Nephritis (inflammation of the kidneys)

Grading Toxicity 

Acute Kidney Injury, Elevated Creatinine

Definition: A disorder characterized by the acute loss of renal function and is traditionally classified as pre-renal, renal, and post-renal.

  • Creatinine level >0.3 mg/dL; creatinine 1.5–2× ULN
  • Creatinine 2–3× ULN
  • Creatinine >3× ULN or > 4.0 mg/dL; hospitalization indicated
  • Life-threatening consequences; dialysis indicated


Overall Strategy:

  • Assess for other etiologies, such as infection
  • Eliminate potentially nephrotoxic medications
  • Ensure adequate hydration daily
  • Evaluate for progressive kidney/adrenal/pelvic metastases that may be contributing to kidney dysfunction
  • Early intervention to maintain or improve physical function and impact on QOL
  • Anticipate immunotherapy to continue
  • Perform detailed review of concomitant medications (prescribed and OTC), herbals, vitamins, anticipating possible discontinuation of nephrotoxic agents
  • Avoid/minimize addition of nephrotoxic agents, such as contrast media for radiology tests
  • Anticipate close monitoring of creatinine (i.e., weekly)
  • Educate patient/family on importance of adequate daily hydration and set individualized hydration goals
  • Review symptoms to watch for with patient and family and remember to assess at subsequent visits
  • Ipilimumab to be withheld for any Grade 2 event (until Grade 0/1) and discontinued for events persisting ≥6 weeks or inability to reduce steroid dose to 7.5 mg prednisone/day
  • Pembrolizumab or nivolumab to be withheld for Grade 2 events persisting ≥12 weeks or inability to reduce steroid dose to ≤10 mg prednisone or equivalent per day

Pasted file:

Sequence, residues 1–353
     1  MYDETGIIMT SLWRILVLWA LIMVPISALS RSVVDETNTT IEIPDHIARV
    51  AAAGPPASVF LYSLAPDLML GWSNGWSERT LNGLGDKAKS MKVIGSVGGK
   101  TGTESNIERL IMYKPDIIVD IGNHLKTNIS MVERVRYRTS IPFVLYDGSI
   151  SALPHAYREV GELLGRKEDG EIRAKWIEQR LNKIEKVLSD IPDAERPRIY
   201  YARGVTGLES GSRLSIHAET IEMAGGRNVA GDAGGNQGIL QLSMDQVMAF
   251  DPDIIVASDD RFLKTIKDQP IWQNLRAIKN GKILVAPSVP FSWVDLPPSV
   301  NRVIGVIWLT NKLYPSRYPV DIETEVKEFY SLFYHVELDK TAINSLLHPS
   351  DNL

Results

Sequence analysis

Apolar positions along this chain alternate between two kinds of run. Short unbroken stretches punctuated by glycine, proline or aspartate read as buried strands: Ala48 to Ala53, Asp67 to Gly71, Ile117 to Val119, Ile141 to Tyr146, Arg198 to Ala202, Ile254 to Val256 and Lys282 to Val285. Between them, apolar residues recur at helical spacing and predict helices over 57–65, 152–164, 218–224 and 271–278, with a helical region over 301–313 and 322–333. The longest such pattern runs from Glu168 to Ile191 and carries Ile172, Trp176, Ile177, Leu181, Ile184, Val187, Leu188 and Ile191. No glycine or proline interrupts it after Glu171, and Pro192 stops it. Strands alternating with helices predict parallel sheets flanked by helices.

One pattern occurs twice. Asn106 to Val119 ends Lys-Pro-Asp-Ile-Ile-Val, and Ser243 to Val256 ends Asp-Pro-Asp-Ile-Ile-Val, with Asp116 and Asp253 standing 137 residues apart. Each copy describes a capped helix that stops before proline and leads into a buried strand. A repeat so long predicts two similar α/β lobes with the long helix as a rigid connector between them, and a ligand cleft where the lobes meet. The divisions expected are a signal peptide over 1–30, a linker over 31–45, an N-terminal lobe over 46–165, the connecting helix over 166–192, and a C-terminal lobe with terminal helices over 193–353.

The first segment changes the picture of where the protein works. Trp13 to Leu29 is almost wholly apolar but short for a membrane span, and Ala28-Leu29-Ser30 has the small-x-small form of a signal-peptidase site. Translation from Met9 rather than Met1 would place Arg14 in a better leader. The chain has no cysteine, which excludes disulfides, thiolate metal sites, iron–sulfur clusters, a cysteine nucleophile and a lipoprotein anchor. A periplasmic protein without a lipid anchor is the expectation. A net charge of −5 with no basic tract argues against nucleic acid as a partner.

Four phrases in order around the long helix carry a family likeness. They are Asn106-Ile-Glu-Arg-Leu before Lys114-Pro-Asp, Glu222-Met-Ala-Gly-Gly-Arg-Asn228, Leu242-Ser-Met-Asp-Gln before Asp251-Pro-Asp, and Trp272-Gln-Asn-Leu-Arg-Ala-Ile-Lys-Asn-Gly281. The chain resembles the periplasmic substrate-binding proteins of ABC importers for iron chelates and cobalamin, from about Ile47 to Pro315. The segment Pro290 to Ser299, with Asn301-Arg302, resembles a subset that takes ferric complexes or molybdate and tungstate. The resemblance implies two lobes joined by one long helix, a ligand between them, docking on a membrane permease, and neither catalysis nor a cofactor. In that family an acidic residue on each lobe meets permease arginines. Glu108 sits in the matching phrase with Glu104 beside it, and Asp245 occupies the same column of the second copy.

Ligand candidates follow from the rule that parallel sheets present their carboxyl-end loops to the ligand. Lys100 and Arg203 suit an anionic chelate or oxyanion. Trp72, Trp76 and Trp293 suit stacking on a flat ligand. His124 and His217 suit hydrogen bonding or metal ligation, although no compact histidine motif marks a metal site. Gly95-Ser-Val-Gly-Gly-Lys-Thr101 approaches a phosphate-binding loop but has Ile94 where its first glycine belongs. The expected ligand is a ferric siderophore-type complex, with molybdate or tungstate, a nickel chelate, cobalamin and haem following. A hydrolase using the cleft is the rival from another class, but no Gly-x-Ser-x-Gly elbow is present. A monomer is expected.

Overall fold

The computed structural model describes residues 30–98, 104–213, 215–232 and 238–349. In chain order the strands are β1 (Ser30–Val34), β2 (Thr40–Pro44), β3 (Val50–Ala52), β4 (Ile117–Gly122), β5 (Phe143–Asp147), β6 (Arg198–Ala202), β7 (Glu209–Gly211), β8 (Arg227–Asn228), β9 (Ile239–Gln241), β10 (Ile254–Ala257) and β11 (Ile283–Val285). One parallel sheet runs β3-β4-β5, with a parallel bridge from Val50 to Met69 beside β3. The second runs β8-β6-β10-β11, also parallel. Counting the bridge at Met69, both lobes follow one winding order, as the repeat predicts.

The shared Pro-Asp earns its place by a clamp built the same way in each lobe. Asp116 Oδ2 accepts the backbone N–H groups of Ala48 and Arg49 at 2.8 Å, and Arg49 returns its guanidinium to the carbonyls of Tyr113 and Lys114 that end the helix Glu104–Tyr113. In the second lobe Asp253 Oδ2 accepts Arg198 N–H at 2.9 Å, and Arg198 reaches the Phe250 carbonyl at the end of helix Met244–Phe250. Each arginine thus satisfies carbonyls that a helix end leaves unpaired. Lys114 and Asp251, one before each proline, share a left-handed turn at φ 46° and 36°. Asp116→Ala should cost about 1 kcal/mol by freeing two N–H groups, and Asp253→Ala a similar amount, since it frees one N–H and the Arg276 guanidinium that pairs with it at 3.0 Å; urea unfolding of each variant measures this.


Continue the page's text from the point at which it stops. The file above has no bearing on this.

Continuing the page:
• Anticipate increase in frequency of creatinine monitoring (i.e., every 2–3 days until improvement)
  • Immunosuppressive medications to be initiated to treat immune-mediated nephritis
    • Systemic corticosteroids (e.g., prednisone) 0.5–1 mg/kg/day until symptom improve to baseline followed by slow taper over at least 1 month
    • Anticipate increased in corticosteroid dosing (i.e., treat as if Grade 3 nephritis) if creatinine does not improve within 48–72 hours
    • Anticipate use of additional supportive care medications
  • Upon symptoms resolution to patient’s baseline, or Grade 1, begin to taper corticosteroid dose slowly over 1 month
  • Anticipatory guidance on proper administration
  • Anticipate the use of IV fluid to ensure adequate hydration
  • Anticipate that nephrology consultation may be initiated by provider
  • Assess patient & family understanding of recommendations and rationale
  • Identify barriers to adherence
  • Pembrolizumab or nivolumab to be withheld for first-occurrence Grade 3/4 event and discontinued if:
    • Grade 3/4 event recurs
    • Persists ≥12 weeks
    • Requires >10 mg prednisone or equivalent per day for more than 12 weeks.
  • Ipilimumab to be discontinued for any Grade 3/4 event
  • Immunosuppressive medications to be initiated to treat immune-mediated nephritis
    • Corticosteroids (e.g., prednisone 1–2 mg/kg/day, in divided doses) until symptoms improve to baseline and then slow taper over at least 1 month
    • If symptoms do not improve within 48–72 hours, additional immunosuppressive medications will be considered
  • Anticipate nephrology consultation will be initiated by provider
  • Anticipate that renal biopsy will be considered
  • Hemodialysis may be considered
  • Anticipate possible hospital admission for Grade 4 elevations in creatinine or in patients with multiple comorbidities

Nursing Implementation:

  • Identify individuals with pre-existing renal dysfunction prior to initiating immunotherapy. Ensure baseline creatinine has been obtained
  • Check kidney function prior to each dose of immunotherapy
  • Monitor creatinine more frequently if levels appear to be rising, and for Grade 1 toxicity
  • Educate patients that new urinary symptoms should be reported immediately
  • Anticipate the steroid requirements to manage immune-mediated nephritis are high (up to 1–2 mg/kg/d) and patients will be on corticosteroid therapy for at least 1 month
  • Educate patients and family about the rationale for discontinuation of immunotherapy in patients who develop severe nephritis


  • Risk of acute onset
  • Risk of mortality if unrecognized or treatment is delayed
  • Risk of immune-mediated nephritis is greater in patients receiving combination immunotherapy regimens and PD-1 inhibitors
  • In addition to acute interstitial nephritis seen from PD-1 inhibitors, there are case reports of lupus-like nephritis and granulomatous acute interstitial nephritis